Ligation was performed by two experienced endoscopists who had pe

Ligation was performed by two experienced endoscopists who had performed more than 10 sessions of such procedures before the start of this study. Each varix was ligated with one to two rubber bands. Ligations with Selleckchem CP-673451 two to four rubber bands were employed in each session. Further sessions of treatment were performed at intervals of 4 weeks until all varices were obliterated or too small to be ligated. After obliteration, patients in the EVL group underwent follow-up endoscopy every 6 months. Repeat EVL was performed when varices recurred.

Among both groups, nadolol (E.R. Squibb) was administered from the start of enrollment. Nadolol was continued until the end of the study or death. Among the Combined group, nadolol was initiated 2 weeks before the first session of EVL. The dose of nadolol initially given was 40 mg once daily and then adjusted according to the dosage that reduced the resting pulse rate up to 25% or 55 beats per minute. Nadolol was usually administered once per day and compliance was assessed by a reduction of pulse rate and by quantifying the amount of tablets consumed. Patients in both groups were advised to receive follow-ups of abdominal sonogram, serum alpha-fetoprotein, and biochemistry at 3-month intervals. All patients suspected of upper gastrointestinal bleeding received emergency endoscopy within 12 hours of presentation. Supportive measures including blood transfusions,

vasoconstrictor infusion, and lactulose were administered Galunisertib ic50 to patients suspected of bleeding from esophageal varices. Esophageal variceal bleeding was defined as the appearance of hematemesis or melena, bleeding source was proven to originate from esophageal varices by emergency endoscopy, and requiring blood transfusion of greater than 2 units to maintain stable vital signs. Emergency EVL and prophylactic antibiotics with cefazolin were administered within 24 hours of esophageal variceal bleeding. Elective EVL for prevention of rebleeding was employed for check details patients of both groups if patients agreed. Quantitative data were summarized as means ± standard deviation, except for information on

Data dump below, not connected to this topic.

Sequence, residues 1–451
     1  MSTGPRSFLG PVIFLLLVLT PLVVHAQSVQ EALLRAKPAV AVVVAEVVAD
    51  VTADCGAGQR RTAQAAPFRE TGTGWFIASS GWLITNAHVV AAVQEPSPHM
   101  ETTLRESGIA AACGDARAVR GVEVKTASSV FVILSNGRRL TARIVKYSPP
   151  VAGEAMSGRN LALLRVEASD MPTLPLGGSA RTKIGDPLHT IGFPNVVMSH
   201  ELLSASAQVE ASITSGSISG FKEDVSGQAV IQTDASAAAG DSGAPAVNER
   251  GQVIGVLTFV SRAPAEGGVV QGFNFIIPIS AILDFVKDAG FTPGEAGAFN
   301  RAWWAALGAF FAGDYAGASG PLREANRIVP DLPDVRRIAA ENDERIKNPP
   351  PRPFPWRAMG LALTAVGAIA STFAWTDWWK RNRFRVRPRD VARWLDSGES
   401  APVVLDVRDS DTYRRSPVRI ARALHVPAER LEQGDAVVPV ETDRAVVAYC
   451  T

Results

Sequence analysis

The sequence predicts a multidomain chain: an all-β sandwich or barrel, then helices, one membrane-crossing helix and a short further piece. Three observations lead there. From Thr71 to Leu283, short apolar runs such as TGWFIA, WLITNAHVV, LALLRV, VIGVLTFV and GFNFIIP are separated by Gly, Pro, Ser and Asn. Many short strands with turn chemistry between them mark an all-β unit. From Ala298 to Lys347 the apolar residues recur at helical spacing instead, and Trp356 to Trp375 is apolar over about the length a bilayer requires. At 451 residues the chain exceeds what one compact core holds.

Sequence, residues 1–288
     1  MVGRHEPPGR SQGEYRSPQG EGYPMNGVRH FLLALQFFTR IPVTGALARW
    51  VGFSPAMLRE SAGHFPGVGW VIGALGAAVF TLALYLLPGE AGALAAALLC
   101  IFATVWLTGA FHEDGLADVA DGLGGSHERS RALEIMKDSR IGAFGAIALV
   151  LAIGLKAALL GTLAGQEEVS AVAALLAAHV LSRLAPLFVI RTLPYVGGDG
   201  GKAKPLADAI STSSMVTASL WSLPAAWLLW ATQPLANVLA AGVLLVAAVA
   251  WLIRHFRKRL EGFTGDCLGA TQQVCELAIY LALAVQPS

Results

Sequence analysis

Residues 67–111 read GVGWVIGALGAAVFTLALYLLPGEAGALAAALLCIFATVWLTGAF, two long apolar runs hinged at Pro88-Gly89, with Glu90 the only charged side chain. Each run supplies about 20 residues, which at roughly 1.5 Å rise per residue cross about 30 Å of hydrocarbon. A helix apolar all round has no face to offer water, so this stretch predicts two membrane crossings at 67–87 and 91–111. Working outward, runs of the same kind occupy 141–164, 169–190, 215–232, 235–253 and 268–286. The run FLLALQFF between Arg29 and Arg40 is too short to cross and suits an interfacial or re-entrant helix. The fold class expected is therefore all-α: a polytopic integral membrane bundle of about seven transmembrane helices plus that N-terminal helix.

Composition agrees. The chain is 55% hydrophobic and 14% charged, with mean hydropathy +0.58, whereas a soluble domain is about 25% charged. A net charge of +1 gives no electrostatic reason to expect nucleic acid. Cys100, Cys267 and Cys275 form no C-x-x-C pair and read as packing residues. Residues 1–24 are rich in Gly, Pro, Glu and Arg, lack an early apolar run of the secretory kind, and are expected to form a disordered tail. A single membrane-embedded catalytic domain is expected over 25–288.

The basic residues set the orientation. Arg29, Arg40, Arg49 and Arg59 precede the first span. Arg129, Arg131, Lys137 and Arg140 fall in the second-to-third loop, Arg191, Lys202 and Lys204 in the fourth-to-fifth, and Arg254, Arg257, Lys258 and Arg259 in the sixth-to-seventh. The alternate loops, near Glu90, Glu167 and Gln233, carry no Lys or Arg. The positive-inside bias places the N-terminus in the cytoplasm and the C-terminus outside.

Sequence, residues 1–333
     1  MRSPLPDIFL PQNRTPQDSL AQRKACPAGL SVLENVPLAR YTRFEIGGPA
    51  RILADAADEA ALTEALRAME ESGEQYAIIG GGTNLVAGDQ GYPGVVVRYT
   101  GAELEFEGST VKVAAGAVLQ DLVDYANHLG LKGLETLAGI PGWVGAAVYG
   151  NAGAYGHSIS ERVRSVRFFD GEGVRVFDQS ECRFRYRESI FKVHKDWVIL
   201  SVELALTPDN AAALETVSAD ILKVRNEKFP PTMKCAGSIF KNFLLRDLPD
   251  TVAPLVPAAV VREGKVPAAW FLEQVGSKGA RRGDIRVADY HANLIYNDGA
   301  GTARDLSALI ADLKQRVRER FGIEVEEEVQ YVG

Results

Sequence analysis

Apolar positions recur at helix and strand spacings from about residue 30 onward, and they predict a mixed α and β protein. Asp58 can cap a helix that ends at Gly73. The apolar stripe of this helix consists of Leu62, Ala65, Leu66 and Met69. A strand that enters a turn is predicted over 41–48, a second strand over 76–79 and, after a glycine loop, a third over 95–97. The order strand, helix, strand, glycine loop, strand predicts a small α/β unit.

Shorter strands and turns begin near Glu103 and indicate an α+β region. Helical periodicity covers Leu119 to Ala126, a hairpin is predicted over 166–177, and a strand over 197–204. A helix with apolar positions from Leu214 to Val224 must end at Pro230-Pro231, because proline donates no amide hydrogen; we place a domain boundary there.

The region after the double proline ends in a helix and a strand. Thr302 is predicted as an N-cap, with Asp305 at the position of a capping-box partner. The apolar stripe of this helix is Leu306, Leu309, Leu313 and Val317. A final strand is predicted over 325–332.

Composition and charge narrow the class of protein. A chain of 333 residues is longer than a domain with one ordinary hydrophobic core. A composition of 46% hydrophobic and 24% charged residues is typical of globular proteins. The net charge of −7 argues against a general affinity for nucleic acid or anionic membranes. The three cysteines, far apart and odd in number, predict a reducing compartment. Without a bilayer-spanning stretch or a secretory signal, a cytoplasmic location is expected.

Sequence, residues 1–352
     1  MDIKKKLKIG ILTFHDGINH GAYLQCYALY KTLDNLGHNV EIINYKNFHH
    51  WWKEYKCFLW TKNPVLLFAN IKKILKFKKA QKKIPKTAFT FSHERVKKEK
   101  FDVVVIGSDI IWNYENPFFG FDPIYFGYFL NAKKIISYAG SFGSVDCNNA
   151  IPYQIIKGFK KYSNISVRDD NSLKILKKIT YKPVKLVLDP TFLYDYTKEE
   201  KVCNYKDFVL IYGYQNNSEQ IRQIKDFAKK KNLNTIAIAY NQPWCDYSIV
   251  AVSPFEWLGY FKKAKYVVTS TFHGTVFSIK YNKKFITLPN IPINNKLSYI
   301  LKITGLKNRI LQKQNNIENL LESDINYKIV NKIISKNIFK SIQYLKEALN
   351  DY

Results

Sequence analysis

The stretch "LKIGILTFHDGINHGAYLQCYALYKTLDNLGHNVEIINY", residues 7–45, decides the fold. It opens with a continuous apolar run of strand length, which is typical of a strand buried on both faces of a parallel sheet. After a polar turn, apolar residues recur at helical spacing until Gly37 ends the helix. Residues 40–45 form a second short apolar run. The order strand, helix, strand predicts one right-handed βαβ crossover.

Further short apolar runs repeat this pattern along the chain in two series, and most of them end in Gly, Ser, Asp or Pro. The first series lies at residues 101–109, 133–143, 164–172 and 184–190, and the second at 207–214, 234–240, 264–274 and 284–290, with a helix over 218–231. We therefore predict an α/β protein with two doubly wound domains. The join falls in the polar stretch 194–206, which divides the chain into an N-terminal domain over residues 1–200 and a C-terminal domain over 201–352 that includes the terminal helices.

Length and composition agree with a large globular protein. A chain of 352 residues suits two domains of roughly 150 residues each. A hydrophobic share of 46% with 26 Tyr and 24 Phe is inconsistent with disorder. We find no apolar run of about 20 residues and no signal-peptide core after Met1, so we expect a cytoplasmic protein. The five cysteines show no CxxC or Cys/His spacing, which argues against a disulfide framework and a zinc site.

the lengths of follow-up, which were summarized by median values. Quantitative variables were compared using Student’s t test and qualitative variables were compared using the chi-square test, employing Yates correction for continuity and Fisher’s exact test where appropriate. Kaplan-Meier estimation was applied to examine the time to first occurrence of variceal bleeding and the time to death. The log rank test was used to examine the variation of bleeding episodes and survival rate. Cox’s regression analysis was used to detect possible prognostic variables other than treatment modality on the bleeding and survival rates. All hypothesis tests were conducted against a two-sided alternative, where appropriate. Analyses were based on intention to treat and were performed using SPSS 10.0.5 (Chicago, IL).

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